I spent most of my life living in various countries abroad, mainly in Europe. Eight years ago I returned to the United States for the second time, discovering that I could finally feel at home here. Family issues largely account for that change, however it has been a welcome one.
A few days ago, I attended a talk by Barack Obama's foremost foreign policy advisor, Tony Lake. At one point he emphasized the qualitative shift in foreign attitudes toward the U.S., saying that negative feelings were not new, but over the last eight years they had become personal. I think what he was referring to was incredulity that the American people could actually choose such bad leaders. And I thought, thank goodness, that's not going to happen this time.
This morning, for the first time in this presidential campaign, after watching - and listening - to Sarah Palin speak at a rally in Clearwater, Florida, I'm beginning to fear that I might have been overly optimistic, and that after November 4th, I might feel compelled to go and live in another country again.
Hearing the enthusiastic roars of the crowd, reminiscent of a Spartacus sound track, I wondered if unlike previous rallies, this was a big one. The camera never showed the entire scene, but when it panned over those directly behind the speaker I realized that the spectators had been arranged in rows of red, white and blue. (I"d previously noticed that those directly behind the speaker were all wearing red.)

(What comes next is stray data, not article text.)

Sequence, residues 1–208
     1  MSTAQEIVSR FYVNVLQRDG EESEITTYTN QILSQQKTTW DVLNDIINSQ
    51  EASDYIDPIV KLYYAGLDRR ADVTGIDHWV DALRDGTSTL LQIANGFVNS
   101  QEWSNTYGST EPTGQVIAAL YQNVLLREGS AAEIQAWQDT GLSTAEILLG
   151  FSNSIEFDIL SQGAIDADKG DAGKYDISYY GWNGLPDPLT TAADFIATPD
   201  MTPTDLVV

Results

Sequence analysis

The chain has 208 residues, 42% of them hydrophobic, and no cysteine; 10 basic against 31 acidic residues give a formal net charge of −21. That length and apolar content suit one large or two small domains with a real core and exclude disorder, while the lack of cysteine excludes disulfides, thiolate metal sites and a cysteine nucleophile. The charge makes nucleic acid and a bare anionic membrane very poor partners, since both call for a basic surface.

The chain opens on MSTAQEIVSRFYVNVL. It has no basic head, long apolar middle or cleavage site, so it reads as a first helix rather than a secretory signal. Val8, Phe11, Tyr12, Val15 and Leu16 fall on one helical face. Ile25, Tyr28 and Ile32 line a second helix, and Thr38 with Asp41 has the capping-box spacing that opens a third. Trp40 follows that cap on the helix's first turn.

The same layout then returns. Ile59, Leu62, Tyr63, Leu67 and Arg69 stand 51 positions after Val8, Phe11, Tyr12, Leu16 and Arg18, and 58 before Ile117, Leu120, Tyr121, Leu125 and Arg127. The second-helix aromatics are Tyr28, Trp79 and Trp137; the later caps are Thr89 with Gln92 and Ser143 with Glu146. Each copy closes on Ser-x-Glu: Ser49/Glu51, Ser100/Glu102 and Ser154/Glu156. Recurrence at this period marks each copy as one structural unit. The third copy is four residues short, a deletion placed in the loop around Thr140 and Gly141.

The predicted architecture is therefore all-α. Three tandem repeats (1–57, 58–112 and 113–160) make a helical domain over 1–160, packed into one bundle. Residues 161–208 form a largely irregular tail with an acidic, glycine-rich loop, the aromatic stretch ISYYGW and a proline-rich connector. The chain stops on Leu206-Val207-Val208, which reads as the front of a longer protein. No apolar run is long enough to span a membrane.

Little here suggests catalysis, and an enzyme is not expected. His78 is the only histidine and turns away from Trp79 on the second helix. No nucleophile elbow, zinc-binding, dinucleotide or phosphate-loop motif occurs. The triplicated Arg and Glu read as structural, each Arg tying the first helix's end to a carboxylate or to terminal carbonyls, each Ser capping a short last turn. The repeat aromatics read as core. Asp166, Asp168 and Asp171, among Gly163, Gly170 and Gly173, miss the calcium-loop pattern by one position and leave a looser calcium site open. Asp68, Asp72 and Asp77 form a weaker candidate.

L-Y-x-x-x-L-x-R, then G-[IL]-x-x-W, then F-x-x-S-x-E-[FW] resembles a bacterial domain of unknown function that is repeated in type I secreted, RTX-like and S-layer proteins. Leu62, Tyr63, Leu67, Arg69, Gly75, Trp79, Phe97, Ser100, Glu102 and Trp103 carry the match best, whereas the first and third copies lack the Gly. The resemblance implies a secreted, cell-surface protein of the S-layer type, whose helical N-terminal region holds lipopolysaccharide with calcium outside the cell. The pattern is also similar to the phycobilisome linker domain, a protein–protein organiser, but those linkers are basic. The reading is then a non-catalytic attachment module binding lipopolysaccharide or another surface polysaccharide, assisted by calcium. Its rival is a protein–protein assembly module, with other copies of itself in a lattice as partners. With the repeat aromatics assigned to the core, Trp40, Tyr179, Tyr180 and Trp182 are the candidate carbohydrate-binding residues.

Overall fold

This was a carefully designed backdrop for the star that Sarah Palin has become, and I would wager my week's food money that she has been let loose to do her thing, without any prepping by the professionals.
Because she's way ahead of them. Where Roman Emperors delivered soaring rhetoric to old men in togas, Sarah Palin has mastered the soundbite for a People's Senate, from the tribute to victory, to the claim that there's nothing patriotic about paying taxes.
We knew the campaign would get really nasty as McCain's numbers plummet with the stock market, so it was no surprise to hear his running mate, whose husband belongs to an Alaskan separatist party, indict Obama for being friendly with a man who, when Obama was eight years old, indulged in terrorist activities. We've been told that Obama is not going to allow himself be swift-boated, but the spokesperson brought on afterwards by CNN, did nothing to defend him.
The problem is not that McCain must be tickled pink to have gone with his instincts and picked a barracuda/gladiator for veep. The problem is that, dressed for the occasion or not, there are perhaps too many Americans who love a Roman Circus.